What good will it be to them to have good patents if their competitors can shut them down with vague and broad patents at the UPC?
A very important fact has been forgotten in Merpel’s article: the president of the council did not distanciate himself from the interference from Battistelli. Look at the text of the decision. Basically, what this means is that both the council and Battistelli view the enlarged board of appeal as subordinate to them and not as independent. The council did not object in their latest session.
In plain words: the enlarged board of appeal was expected to simply rubber-stamp a decision already taken. Even if the investigation was fraught with problems as some of the earliest comments in this thread noted.
These are the standards of justice of Battistelli and, we now understand, from the council. That is basically what the decision says.
Now, the all new UPC is created behind closed doors by the very same persons. How high do you expect the judicial standards of the new court to be?
Bonus question: how do you expect your clients to protect themselves against future decisions of the UPC?
There is a direct response to the above concerns about the UPC. “The danger comes when a court (UPC or any other) starts with a presumption of validity, just because it’s a European patent,” the following comment notes, reminding us of what happens in the USPTO and US courts, especially the ones in Texas:
Not sure I follow the logic here. I’m not saying that the national route produces stronger patents. I’m saying that, whereas the EPO previously provided a useful due diligence service (search and examination), this has now been diluted to the point where the national offices offer a competitive and lower-risk alternative.
Crap patents are fine, just as long as everyone recognises that they’re crap. The danger comes when a court (UPC or any other) starts with a presumption of validity, just because it’s a European patent.
An anonymous response to this said:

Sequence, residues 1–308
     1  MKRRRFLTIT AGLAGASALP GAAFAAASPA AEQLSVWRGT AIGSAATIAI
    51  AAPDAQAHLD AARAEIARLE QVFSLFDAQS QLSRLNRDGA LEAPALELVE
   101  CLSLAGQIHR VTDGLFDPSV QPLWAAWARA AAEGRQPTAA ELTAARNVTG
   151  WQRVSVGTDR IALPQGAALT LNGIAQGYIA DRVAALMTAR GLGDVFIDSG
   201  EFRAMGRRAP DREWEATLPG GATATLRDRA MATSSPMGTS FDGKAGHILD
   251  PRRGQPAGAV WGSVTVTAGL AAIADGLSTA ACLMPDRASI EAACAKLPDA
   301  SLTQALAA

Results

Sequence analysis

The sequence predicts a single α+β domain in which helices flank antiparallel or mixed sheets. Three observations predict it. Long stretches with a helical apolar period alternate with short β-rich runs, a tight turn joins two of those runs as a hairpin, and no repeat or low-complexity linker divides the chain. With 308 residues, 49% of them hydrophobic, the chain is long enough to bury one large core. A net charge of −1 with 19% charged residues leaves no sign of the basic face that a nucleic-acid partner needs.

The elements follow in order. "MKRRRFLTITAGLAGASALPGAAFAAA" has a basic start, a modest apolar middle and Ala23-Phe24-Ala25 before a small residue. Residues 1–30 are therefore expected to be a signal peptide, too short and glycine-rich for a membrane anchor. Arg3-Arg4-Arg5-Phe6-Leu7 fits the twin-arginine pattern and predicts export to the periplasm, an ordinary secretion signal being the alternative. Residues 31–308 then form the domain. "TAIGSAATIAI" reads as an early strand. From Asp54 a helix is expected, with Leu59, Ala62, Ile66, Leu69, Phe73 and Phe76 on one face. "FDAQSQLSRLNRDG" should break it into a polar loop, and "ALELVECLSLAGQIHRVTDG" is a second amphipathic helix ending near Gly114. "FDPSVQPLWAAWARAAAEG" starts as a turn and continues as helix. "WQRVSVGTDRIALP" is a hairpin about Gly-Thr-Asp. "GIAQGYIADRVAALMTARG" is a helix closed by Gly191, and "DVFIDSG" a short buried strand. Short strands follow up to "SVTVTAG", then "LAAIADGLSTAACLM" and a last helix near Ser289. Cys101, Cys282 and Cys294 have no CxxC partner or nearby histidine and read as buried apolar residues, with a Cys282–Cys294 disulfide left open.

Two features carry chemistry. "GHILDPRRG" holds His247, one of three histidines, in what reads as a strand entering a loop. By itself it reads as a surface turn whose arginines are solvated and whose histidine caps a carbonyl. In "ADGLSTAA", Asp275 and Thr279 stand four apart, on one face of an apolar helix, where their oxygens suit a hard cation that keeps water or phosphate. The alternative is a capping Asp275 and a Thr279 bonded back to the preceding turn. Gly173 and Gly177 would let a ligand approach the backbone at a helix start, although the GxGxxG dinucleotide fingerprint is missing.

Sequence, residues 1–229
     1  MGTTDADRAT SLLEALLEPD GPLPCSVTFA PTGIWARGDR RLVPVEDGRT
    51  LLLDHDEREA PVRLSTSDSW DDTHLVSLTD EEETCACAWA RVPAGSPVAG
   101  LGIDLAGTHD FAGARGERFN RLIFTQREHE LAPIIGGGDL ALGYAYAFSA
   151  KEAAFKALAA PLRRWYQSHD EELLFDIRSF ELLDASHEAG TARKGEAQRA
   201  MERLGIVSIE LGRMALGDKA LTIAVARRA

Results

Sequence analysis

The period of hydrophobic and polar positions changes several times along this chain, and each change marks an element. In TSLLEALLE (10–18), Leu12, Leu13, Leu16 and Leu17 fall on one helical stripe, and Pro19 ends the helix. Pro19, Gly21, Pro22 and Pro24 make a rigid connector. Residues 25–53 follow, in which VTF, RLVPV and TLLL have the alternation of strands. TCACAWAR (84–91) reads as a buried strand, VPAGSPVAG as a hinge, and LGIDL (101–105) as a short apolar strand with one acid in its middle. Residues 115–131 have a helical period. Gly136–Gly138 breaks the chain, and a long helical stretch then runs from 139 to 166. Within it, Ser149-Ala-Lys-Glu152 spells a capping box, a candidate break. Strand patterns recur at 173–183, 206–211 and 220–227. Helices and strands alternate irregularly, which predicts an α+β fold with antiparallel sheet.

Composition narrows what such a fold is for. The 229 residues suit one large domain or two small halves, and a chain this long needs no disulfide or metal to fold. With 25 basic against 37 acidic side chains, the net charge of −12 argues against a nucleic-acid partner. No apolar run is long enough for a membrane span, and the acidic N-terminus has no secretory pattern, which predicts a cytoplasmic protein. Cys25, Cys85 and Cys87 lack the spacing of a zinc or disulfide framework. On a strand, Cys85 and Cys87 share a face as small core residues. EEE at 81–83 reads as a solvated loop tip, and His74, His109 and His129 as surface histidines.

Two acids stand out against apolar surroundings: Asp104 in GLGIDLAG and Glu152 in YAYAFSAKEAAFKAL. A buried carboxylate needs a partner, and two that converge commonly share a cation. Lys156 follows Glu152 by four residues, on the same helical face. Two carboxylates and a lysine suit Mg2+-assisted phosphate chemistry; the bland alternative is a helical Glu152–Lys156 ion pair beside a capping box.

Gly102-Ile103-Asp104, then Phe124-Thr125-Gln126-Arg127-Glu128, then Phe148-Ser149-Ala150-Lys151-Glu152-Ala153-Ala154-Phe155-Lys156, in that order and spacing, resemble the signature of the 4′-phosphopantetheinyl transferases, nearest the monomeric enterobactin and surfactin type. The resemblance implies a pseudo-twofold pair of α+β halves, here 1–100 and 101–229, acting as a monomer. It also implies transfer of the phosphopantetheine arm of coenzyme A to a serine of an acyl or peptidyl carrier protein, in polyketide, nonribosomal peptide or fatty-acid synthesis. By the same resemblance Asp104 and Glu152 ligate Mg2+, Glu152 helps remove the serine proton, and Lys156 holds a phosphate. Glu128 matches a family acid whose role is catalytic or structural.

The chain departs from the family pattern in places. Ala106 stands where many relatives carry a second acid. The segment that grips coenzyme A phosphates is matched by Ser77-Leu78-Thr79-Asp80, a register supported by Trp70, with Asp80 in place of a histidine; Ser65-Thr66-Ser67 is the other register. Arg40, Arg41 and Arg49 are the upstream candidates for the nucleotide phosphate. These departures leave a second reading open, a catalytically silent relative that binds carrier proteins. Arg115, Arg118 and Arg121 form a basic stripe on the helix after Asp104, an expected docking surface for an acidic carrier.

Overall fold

Crap patents are not fine, even the USPTO is getting convinced. And if the UPC independence is of the same kind as the enlarged board of appeal indepence, that is not fine either.
The article above describes a very serious problem. In most countries, interfering with the independence of justice would trigger a constitutional crisis.
In response to that, once again, the Turkey analogies came up:
The article above describes a very serious problem. In most countries, interfering with the independence of justice would trigger a constitutional crisis.
Apart from Turkey where a constitutional crisis triggers an interference with the independence of justice …
“The Boards of Appeal are now paying a very high price for asserting their independence,” noted the following commenter, correctly insinuating that this ‘exile’ (not as far as Vienna as feared last year) is a sort of punishment:
The Boards of Appeal are now paying a very high price for asserting their independence. Following the approval by the Administrative Council of the reform proposed by Mr Battistelli, they will firstly be exiled to a corner of the Munich area, viz. Haar, which is very well known for its psychiatric hospital, possibly a humorous touch introduced by the president.
Secondly, renewal of the members’ appointment every five years, which used to be the default (in fact, it has never happened that a member was not re-appointed) is now subject to, among other, a performance evaluation. Coupled with another element of the proposal, i.e. to increase the cost coverage for appeals from 6,3% to 20-25%, firstly by increasing the members’ productivity, there will now be a high pressure on members to focus on production if they don’t want to lose their job. And if they lose their job, taking up another job will now only be possible after approval by the Administrative Council.